Like many virtual airlines, VirtualUA has setup a rating system.   From 0-30 hours a pilot is qualified to fly regional aircraft such as the Q400.  At 30-60 hours the pilot is allowed to fly the typical United fleet aircraft such as the 737 and Airbus A320.  Past 60 hours you can step into the larger aircraft such as the 777.   I like this system as it gives the pilot something to look forward to.
Landing an Airbus A320 at KEWR.    

Virtual United has gone through some growing pains.   This is to be expected as no one gets paid to set up and maintain a virtual airline.  It is a lot of work!  The people behind the scenes have been very busy to make sure the pilots enjoy their time with VirtualUA.
United Express Q400 cruises across NJ.  

 As of now the website is very functional, along with the ACARS and forum (Crewtalk).   Questions are answered promptly and there is a lot of opportunity.  The airline regularly uses Teamspeak for communication.  VirtualUA also includes other perks such as discounts on flight sim products, Vatsim training, and a points sytem.    This is a growing airline and I would recommend people join!  Its a great community.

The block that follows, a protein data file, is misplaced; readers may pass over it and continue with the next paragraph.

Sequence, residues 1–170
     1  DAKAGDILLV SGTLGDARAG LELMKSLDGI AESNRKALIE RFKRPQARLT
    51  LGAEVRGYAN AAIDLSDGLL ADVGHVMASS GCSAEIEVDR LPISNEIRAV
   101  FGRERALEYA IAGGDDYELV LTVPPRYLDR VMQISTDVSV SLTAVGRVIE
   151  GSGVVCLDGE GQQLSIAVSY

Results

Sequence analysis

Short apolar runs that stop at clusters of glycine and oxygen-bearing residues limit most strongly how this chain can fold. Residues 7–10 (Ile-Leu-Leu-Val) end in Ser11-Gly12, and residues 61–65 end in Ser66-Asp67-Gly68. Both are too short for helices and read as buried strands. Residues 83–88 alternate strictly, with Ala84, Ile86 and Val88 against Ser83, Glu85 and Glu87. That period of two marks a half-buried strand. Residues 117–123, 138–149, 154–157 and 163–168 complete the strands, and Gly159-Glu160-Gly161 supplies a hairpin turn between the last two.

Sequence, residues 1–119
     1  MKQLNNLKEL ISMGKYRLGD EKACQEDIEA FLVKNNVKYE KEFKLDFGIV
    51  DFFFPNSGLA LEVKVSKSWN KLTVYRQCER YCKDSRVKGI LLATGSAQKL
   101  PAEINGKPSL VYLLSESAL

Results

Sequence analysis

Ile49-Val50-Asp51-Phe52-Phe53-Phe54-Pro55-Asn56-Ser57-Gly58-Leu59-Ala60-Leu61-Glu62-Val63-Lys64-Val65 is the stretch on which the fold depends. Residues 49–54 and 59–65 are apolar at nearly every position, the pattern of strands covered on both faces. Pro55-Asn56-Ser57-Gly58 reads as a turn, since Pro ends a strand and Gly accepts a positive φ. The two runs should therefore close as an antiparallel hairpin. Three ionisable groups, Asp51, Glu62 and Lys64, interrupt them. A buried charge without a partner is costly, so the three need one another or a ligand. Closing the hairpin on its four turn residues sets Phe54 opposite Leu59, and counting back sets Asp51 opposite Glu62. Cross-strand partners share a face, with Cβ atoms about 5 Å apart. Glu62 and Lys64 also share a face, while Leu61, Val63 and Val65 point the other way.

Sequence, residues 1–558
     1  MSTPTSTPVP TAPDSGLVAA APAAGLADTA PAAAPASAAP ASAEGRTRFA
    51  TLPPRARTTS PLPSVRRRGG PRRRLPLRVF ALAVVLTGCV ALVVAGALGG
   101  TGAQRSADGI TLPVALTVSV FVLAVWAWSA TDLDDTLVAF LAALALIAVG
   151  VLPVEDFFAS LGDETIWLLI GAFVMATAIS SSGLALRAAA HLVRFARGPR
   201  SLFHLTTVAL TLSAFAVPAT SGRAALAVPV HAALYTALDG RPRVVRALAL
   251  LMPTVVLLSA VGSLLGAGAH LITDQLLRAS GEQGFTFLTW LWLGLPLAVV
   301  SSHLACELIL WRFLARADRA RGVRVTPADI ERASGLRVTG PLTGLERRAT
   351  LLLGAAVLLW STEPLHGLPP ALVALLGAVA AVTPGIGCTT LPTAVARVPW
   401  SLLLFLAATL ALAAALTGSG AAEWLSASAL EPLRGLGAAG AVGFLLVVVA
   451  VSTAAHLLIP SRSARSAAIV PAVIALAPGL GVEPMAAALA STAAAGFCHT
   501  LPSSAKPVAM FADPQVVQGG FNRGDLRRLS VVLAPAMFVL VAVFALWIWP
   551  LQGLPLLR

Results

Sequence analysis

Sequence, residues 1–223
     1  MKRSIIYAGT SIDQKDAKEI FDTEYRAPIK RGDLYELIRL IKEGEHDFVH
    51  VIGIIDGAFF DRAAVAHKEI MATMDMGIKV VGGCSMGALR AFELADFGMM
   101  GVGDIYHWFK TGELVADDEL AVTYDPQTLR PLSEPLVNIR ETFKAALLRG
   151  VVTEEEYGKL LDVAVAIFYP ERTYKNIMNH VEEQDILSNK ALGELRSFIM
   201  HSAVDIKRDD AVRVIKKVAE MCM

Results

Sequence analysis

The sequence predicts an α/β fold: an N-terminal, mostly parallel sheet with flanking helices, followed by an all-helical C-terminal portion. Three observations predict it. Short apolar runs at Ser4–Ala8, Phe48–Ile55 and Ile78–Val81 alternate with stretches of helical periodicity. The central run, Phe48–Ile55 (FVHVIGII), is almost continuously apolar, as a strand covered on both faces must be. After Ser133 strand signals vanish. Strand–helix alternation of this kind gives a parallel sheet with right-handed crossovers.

Flight deck of the Dash 8.

We search for realism sitting at our computers in relaxed seats.   Daring to believe ourselves real airline pilots we pull up checklist, SID procedures, latest weather data.   While everyone may think us silly we know one thing.  We are not alone, we are part of a community, we are part of a virtual airline!

A United B377 returns to KSFO after a long trip from Hawaii.

Sunday, August 31, 2014

Intercity Airways flies Open LC skies!

The new Open LC Europe from the scenery developer Orbx